Saw Lark Sparrows at Gristmill, 03-02-22

I got up a little before 7:00 and gave the dog his breakfast before I headed over to the Gristmill Access on the American River for a walk. I hadn’t been there in a while and wanted to see if anything was happening there yet.

The odd mix of nut trees (mostly almonds) were in bloom, but some of the other trees, like the valley oaks, boxelders, and elderberries, were just starting to get their new leaves. The manroot vines were coming up but I didn’t see seed pods on any of them yet. The willow trees were just staring to leaf out, too, and “pussying” all over. Hah!

I saw a lot of Boxelder Bugs in the grass and flitting around but couldn’t get one to sit still long enough for me to get a photo of it. I also saw what looked like midge-like flies hanging around leaves on the live oak trees where there were concentrations of Whitefly larvae. I wonder if the flies eat or parasiticide those guys.

The air was full of the sound of House Wrens and other small birds.

The Western Screech Owl wasn’t in her box, but there were Wood Ducks in the trees, some of them looking for places to nest. One female was standing on top of a duck box, crying, like she needed to lay an egg but wasn’t sure of that particular box was the one she wanted. The male was standing on a nearby branch, watching her.

According to Cornell: “…Nest-search Call of males is a multisyllable jibjibjib; used when females are searching for nest cavities and reinforces the pair bond…High-intensity Hauk Call of females is perhaps the most familiar vocalization of Wood Ducks. It is a loud oo-eek, oo-eek and is often given when females take flight after being disturbed. A low-intensity Hauk Call is given by courting females to advertise their presence and attract males. Females appear to use the same multisyllable call note, tetetetetetet, when nest searching…” It’s the tetetetetetet that I was hearing.

There were also quite a few Northern Flickers around, many coming down to the ground to gobble up ants. On the ground there were also a few Dark-Eyed Juncos and Audubon’s Warblers. My favorite sighting of the day, however, were several Lark Sparrows. I don’t get to see them very often, so it’s always a treat when I do. I think they’re probably the prettiest sparrow, IMAO.

CLICK HERE for the full album of photos.

I could hear Red-Shouldered Hawks screaming at each other, and followed one with my eye as it flew overhead with something in its beak. I found it later, as it stood on a nest (the same nest the hawks had used in the previous year) next to its mate. It had a lizard in its mouth…but apparently wasn’t willing to share it, because it flew off again with the meal still in its mouth.

I saw a few Ground Squirrels keeping close to their burrows, and also got to see a coyote. It ran down the drive to parking lot toward me, being “chased” by a guy in a truck. Grrr. It looked like a youngster, but I couldn’t get a decent shot of it because it was moving too quickly and I didn’t have time to adjust the focus on my camera. Ugh!

I walked for about 3 hours before heading back home. This was hike #8 in my #52HikeChallenge for the year.

Species List:

  1. Almond Tree, Prunus dulcis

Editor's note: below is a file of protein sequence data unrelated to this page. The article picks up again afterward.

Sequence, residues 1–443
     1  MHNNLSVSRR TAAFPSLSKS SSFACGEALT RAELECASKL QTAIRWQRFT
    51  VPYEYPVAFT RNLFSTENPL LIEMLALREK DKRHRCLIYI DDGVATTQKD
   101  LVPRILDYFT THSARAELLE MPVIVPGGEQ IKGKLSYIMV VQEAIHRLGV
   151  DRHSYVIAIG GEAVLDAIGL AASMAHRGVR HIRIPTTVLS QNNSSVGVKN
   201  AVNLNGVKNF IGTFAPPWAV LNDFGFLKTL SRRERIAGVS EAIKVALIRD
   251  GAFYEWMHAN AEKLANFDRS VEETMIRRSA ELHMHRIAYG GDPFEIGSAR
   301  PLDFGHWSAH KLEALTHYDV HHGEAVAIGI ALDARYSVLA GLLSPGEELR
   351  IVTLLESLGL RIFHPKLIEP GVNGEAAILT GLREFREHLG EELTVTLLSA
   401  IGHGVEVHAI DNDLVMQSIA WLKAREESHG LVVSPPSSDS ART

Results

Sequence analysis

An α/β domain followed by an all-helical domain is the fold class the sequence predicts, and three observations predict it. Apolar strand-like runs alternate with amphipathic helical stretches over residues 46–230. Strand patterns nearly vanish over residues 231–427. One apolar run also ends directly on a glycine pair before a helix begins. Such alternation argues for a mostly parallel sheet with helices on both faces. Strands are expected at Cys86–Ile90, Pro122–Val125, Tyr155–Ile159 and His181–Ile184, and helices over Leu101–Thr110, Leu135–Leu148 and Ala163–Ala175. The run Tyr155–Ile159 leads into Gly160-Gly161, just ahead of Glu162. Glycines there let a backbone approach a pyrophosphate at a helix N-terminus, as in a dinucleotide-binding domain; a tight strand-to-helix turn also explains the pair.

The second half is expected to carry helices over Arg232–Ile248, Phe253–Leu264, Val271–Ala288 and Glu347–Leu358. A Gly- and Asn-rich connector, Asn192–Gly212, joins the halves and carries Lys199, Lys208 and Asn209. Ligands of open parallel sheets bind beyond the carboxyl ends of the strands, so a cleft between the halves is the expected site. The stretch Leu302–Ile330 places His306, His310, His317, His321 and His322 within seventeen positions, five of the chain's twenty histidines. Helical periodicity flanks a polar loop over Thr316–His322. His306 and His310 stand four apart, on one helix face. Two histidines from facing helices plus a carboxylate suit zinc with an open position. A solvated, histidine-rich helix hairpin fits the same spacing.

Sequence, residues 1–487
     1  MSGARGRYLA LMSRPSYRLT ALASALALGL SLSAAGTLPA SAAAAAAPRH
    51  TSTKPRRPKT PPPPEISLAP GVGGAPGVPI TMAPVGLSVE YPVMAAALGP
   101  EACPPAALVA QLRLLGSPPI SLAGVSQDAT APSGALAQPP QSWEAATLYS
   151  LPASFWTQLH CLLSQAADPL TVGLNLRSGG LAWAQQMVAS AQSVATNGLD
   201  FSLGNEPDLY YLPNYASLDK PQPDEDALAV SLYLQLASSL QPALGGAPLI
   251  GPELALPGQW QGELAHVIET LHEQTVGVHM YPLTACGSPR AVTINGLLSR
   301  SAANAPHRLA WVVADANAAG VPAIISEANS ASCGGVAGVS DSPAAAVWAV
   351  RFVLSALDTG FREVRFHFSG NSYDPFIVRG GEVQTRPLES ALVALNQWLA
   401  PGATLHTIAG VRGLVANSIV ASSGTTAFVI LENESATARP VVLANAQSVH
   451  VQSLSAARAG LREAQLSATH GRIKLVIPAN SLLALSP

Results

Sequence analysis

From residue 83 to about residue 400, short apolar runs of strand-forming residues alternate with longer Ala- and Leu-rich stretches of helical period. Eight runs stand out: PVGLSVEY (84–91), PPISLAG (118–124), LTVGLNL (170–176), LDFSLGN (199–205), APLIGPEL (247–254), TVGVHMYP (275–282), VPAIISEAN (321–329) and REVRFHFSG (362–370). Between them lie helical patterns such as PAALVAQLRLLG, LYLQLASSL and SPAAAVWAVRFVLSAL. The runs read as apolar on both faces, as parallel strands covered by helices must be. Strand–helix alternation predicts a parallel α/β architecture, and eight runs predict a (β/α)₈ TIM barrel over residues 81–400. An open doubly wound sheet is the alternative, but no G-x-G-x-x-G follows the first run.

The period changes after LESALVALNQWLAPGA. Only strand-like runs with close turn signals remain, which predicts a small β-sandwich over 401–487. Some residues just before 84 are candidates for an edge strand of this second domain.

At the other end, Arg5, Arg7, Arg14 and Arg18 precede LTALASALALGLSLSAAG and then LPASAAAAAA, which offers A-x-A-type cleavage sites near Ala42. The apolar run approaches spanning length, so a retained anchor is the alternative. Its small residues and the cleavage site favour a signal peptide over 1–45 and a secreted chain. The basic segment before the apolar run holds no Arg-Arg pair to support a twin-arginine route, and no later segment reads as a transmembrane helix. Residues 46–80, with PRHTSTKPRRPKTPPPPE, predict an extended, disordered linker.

2. Anna’s Hummingbird, Calypte anna
  3. Asian Lady Beetle, Harmonia axyridis [white pronotum]
  4. Audubon’s Warbler, Yellow-Rumped Warbler, Setophaga coronata auduboni
  5. Bark Rim Lichen, Lecanora chlarotera [looks like Whitewash Lichen but has apothecia]
  6. Blue Elderberry, Sambucus nigra cerulea
  7. Boxelder, Box Elder Tree, Acer negundo
  8. California Camouflage Lichen, Melanelixia californica [dark green with brown apothecia, on trees]
  9. California Ground Squirrel, Otospermophilus beecheyi
  10. California Scrub Jay, Aphelocoma californica
  11. Common Goldeneye, Bucephala clangula
  12. Common Sunburst Lichen, Golden Shield Lichen, Xanthoria parietina [yellow-orange, on wood/trees]
  13. Coyote Brush Bud Gall midge, Rhopalomyia californica
  14. Coyote Brush, Baccharis pilularis
  15. Coyote Brush Rust Gall, Puccinia evadens
  16. Coyote, Canis latrans
  17. Crown Whitefly, Aleuroplatus coronata
  18. Dark-Eyed Junco, Junco hyemalis
  19. European Starling, Sturnus vulgaris
  20. Fennel, Sweet Fennel, Foeniculum vulgare
  21. Hooded Rosette Lichen, Physcia adscendens [hairs/eyelashes on the tips of the lobes]
  22. House Wren, Troglodytes aedon
  23. Hybotid Fly, Platypalpus sp. [tiny, midge-like]
  24. Lark Sparrow, Chondestes grammacus
  25. Live Oak Erineum Mite Gall, Aceria mackiei
  26. Manroot, California Manroot, Bigroot, Marah fabaceus
  27. Miner’s Lettuce, Claytonia perfoliata
  28. Non-Biting Midges, Family: Chironomidae
  29. Northern Flicker, Colaptes auratus
  30. Oak Apple, California Gall Wasp, Andricus quercuscalifornicus
  31. Oak, Coast Live Oak, Quercus agrifolia
  32. Oak, Interior Live Oak, Quercus wislizeni
  33. Oak, Valley Oak, Quercus lobata
  34. Red-Shouldered Hawk, California Red-Shouldered Hawk, Buteo lineatus elegans
  35. Rio Grande Wild Turkey, Meleagris gallopavo intermedia
  36. Shrubby Sunburst Lichen, Polycauliona candelaria
  37. Stinging Nettle, Urtica dioica
  38. Stork’s Bill, Musk Stork’s-Bill, Erodium moschatum
  39. Strap Lichen, Western Strap Lichen, Ramalina leptocarpha [without soredia]
  40. Western Boxelder Bug, Boisea rubrolineata
  41. Western Fence Lizard, Blue Belly, Sceloporus occidentalis
  42. Willow, Salix sp.
  43. Wood Duck, Aix sponsa

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